Due to Russia’s continuous malicious actions against the Baltic and Scandinavian countries, as well as its ongoing war against Ukraine, most European countries have recently been forced to take a critical look at their national defense strategies and military capabilities. These reviews unearthed serious capability gaps, resulting in the emergence of so-called total defense strategies based on peacetime social resilience and war time resistance. This article focuses on resistance, arguing that the current manifestations of such a strategy do not ensure maximum results for the countries because their fundamental characteristics and principles were derived from cases that are limited in spatial and temporal scope. The article suggests that lessons must be also learned from recent experiences such as the Chechen resistance against Russia, Hezbollah’s fight against Israel, the Iraqi and Taliban insurgencies, the Syrian insurgency, and other similar cases. This article offers a starting point for identifying such critical lessons by analyzing the First Russo-Chechen War through a research model built on the common principles of Mao Zedong, Ernesto ‘Che’ Guevara, and General Vo Nguyen Giap.
This paper will discuss the Resistance Operating Concept and how nations should prepare to resist a potential enemy before an invasion takes place. Oriented towards the self-defense of small countries by a resistance or partisan force, it describes past examples of resistance groups in Europe. Specifically, by discussing the long-term survival of resilient organizations, its focus will be on the basic factors crucial for an underground resistance, including security, organization, and training. It also considers the need for a practitioner-oriented manual that can be disseminated at the widest levels to guide and enable future resistance operations.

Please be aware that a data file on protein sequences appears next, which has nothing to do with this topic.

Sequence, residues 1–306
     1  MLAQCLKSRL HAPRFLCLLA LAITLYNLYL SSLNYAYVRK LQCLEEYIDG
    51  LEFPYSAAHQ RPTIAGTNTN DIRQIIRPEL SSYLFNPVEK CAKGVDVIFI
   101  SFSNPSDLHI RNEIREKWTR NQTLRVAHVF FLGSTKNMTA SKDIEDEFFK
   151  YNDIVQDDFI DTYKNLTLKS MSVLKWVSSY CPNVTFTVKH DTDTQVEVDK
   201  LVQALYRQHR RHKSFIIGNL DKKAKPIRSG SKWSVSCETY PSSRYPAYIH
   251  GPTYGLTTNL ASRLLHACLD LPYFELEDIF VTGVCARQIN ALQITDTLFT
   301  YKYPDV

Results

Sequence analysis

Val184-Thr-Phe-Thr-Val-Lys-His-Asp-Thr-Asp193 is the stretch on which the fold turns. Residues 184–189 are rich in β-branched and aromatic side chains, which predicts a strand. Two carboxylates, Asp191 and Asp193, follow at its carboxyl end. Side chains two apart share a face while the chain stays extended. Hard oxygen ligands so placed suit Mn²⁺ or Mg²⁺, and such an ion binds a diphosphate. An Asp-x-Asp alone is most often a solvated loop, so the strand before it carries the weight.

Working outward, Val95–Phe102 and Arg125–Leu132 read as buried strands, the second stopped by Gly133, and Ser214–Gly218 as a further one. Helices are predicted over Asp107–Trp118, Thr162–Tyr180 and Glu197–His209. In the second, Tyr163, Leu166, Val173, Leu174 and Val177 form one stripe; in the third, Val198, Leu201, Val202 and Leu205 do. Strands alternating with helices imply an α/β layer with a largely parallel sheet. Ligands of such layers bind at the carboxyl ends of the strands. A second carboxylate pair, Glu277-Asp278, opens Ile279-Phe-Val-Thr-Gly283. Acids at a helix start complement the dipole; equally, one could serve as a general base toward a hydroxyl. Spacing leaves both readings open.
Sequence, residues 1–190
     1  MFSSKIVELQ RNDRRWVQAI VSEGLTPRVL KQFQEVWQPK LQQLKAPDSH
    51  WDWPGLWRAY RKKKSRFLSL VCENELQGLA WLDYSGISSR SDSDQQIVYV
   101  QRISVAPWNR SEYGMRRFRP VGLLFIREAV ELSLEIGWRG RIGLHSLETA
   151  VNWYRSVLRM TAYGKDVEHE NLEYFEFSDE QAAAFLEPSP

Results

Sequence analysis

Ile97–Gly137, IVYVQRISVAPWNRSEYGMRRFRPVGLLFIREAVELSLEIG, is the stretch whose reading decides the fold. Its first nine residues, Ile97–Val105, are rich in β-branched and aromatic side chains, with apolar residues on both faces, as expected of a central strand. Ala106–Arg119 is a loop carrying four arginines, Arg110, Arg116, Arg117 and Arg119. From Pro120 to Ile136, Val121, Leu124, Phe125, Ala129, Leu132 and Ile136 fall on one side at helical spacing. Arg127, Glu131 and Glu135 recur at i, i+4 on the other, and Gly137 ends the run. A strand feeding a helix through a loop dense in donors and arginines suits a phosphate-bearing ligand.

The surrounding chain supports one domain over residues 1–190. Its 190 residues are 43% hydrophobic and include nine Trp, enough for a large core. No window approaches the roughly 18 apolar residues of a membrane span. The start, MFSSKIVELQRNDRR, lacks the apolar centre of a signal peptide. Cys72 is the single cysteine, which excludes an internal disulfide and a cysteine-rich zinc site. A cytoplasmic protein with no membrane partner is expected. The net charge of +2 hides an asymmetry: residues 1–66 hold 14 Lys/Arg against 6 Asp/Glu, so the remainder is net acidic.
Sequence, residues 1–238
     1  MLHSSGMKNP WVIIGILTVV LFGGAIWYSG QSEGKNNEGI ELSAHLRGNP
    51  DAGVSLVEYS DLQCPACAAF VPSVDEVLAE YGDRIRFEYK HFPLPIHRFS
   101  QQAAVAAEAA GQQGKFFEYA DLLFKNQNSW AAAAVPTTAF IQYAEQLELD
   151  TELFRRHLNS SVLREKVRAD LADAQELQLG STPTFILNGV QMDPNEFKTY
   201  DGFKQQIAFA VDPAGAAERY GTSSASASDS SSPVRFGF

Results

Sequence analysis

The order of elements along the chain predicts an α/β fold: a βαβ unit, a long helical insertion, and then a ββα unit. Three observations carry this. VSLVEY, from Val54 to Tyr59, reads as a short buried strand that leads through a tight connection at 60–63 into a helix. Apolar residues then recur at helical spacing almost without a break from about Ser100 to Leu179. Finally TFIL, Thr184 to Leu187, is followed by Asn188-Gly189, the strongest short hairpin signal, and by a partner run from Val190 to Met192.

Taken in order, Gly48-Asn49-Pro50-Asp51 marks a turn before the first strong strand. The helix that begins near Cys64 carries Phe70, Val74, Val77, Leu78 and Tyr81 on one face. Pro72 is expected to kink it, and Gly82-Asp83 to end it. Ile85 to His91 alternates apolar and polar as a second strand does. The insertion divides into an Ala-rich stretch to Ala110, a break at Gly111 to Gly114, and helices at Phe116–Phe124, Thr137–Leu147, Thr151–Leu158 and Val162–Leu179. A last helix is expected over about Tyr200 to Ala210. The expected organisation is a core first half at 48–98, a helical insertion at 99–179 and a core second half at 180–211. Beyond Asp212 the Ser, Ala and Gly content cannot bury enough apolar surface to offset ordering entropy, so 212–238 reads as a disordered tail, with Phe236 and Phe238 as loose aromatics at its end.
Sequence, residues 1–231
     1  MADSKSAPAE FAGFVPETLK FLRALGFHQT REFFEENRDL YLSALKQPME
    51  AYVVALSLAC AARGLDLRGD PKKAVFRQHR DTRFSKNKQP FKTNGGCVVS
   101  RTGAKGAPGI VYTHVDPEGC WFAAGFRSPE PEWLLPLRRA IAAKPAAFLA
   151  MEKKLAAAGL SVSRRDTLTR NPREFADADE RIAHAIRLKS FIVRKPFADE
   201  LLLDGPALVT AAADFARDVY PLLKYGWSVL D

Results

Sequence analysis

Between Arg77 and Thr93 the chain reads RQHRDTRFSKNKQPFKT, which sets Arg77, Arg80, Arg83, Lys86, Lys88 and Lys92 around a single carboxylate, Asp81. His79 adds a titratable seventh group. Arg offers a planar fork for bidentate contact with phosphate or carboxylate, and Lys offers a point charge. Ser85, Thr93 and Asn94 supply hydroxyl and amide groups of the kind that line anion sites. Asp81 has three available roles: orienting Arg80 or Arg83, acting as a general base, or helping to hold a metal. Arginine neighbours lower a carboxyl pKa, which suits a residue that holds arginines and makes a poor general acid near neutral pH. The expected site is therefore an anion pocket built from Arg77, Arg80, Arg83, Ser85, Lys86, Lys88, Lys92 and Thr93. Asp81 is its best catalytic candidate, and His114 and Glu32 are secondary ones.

In response to the power redistribution in the international system, the United States prepares for long-term Great power competition. It is aiming at strengthening America’s network of alliances and partnerships in order to counter a rising China and revisionist Russia. The other states react to greater or lesser extent to the changing constraints and opportunities in the international system. The article examines how Lithuania, being a small state that belongs to the North Atlantic Alliance, is adapting to these systemic pressures. Current NATO’s deterrence posture in the Baltic region is something akin to deterrence by the assured response – NATO is sending a signal that if the Russians attacked, NATO would respond in the Baltics. Lithuania, as well as other Baltic countries, has undertaken many legal, procedural, financial and technical measures to boost resilience and deterrence. However, there are not enough national or NATO military forces that would be able to counter conventional Russian forces deployed in the region. There are challenges such as air defence and control of the Baltic Sea. Also land forces are not present in adequate quantities. As a result, Lithuania has to strengthen its own capabilities with the help of the allied countries. It argued in the article that building up a total defence system in Lithuania would be a right effort in this regard.
This article explores how comprehensive defence has been introduced in Latvia, and focuses on society’s involvement and tasks in the state defence. This approach envisages a significant change in society’s relationship with the armed forces and state defence. Differently from many other countries, Latvia maintains its system without introducing conscription and instead puts efforts towards youth education in defence. Additionally, the Ministry of Defence involves different society groups and NGOs in defining their role in state defence. This article also discusses the concepts of resistance and non-collaboration as part of comprehensive defence.